Guyana, EU to sign €5M MoU to protect, restore forest
The Government of Guyana and the European Union (EU) will sign a “Forest Partnership” Memorandum of Understanding (MoU) today on the sidelines of the COP27 Summit which is currently being held in Egypt.
The MoU will be signed between the President of the European Commission, Ursula von der Leyen, and the Government of Guyana – in particular Natural Resources Minister, Vickram Bharat who is representing Guyana at the event.
The MoU underlines the 50-year genuine partnership between Guyana and the EU and will focus on long-term sustainability. It is a reflection of the unwavering commitment of Guyana to protect its unique rainforest.
In fact, the Forest Partnership with the EU places Guyana at the top of the world in terms of its protection of the rainforest. It is timely and underscores the strong commitment to continuing the bold ambition and innovative programme on climate, environment, and forests.
The MoU comprises four main objectives including increasing the area of protected, restored or sustainably managed forests, including mangroves; increasing the number of forest-related jobs; maintaining the close-to-zero annual rate of deforestation of natural forests and looking for ways to facilitate investment and trade in legal and sustainable wood products between Guyana and the EU.
However, EU Ambassador to Guyana, Rene van Nes stated that Guyana is unique in that it is one of the few countries in the world that has a negative carbon footprint. He outlined that Guyana is an example for the world and the forest partnership is a recognition of the sustained efforts by the country in preserving its forests and ensuring that timber harvesting is regulated.
On the other hand, President Dr Irfaan Ali explained that Guyana remains committed to fighting climate change and developing sustainably. He pointed out that Guyana’s development is structured in a Low Carbon Development Strategy, which will help Guyana to build a global model for forest climate services and other ecosystem services.
“The forest partnership is a win-win for Guyana and the EU. With an initial EURO 5 million grant from the EU for activities, immediate results are expected in supporting Indigenous Peoples and local communities, supporting small-scale producers, promoting sustainable trade in forest and agriculture commodities and building capacity to drive behaviour change. Youth and women are expected to play an important role in the planning and implementation of activities related to the partnership,” a release from the EU stated.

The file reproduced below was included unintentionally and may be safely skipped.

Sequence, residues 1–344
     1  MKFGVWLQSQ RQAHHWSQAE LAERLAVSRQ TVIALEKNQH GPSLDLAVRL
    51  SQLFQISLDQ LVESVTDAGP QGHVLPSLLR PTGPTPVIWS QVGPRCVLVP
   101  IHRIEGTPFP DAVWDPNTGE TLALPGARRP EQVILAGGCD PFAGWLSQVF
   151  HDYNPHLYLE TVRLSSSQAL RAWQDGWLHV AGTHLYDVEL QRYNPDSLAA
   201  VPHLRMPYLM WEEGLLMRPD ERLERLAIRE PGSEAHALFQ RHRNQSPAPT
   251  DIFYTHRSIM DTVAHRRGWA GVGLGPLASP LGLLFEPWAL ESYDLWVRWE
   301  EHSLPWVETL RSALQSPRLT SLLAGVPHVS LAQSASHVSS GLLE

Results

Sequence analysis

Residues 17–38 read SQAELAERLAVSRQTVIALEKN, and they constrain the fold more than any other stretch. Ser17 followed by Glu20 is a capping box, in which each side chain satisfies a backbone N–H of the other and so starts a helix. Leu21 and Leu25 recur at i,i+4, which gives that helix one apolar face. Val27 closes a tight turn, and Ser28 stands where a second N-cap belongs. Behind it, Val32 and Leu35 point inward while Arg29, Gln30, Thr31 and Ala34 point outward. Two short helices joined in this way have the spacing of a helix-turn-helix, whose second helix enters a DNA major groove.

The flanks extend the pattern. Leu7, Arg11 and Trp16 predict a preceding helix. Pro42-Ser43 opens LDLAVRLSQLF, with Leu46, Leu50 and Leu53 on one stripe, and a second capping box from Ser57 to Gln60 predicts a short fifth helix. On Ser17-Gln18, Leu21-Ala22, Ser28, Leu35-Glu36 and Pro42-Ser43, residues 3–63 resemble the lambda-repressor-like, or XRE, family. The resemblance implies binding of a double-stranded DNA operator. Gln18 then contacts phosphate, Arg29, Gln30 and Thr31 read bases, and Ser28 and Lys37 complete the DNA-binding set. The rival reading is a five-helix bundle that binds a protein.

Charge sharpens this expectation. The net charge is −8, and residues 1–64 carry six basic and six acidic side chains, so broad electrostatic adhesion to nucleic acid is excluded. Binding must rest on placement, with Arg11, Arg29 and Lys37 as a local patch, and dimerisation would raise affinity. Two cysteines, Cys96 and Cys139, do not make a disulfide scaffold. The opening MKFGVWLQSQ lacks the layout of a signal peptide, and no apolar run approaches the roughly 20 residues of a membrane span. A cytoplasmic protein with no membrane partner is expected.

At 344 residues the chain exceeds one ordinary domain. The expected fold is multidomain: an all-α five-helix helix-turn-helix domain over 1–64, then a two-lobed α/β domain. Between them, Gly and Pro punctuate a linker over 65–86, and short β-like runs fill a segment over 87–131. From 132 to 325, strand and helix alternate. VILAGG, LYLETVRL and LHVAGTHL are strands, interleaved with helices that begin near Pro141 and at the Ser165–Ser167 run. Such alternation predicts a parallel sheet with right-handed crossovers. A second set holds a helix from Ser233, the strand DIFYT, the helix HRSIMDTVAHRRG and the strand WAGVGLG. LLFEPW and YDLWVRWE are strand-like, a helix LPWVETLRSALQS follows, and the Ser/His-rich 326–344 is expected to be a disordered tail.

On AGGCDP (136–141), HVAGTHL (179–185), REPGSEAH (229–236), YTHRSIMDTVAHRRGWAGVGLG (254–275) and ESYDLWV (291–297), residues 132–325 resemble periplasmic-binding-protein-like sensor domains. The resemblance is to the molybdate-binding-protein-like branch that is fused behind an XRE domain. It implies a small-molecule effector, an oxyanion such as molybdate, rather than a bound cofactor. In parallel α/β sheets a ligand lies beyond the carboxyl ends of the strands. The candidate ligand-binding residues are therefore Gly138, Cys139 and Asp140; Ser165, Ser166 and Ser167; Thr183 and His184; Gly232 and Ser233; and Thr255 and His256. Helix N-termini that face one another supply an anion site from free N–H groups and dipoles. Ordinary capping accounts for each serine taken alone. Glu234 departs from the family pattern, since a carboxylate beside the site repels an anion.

Reflective of its continuing strong stewardship of forests, climate, and the environment, Guyana launched its visionary Low Carbon Development Strategy 2030.
The LCDS sets out how forests and biodiversity can be maintained, whilst the country expands green jobs, transitions the domestic energy supply to clean and renewable energy sources, and adapts to the impacts of climate change.
In recent years both the EU and Guyana have already implemented several forest-related actions.
Building on the strong engagement in and motivation for forest conservation by the Guyanese Government, both sides are increasing their cooperation on forests to make an important contribution to the UN 2030 Sustainable Development Goals.
Climate change is one of the world’s main concerns and affects Guyana as it threatens the very existence of this coastal low-lying rapidly developing state. Guyana and the European Union aim at supporting the role of Guyana’s forests in sustainable development and addressing challenges related to deforestation, forest degradation, climate change and loss of biodiversity.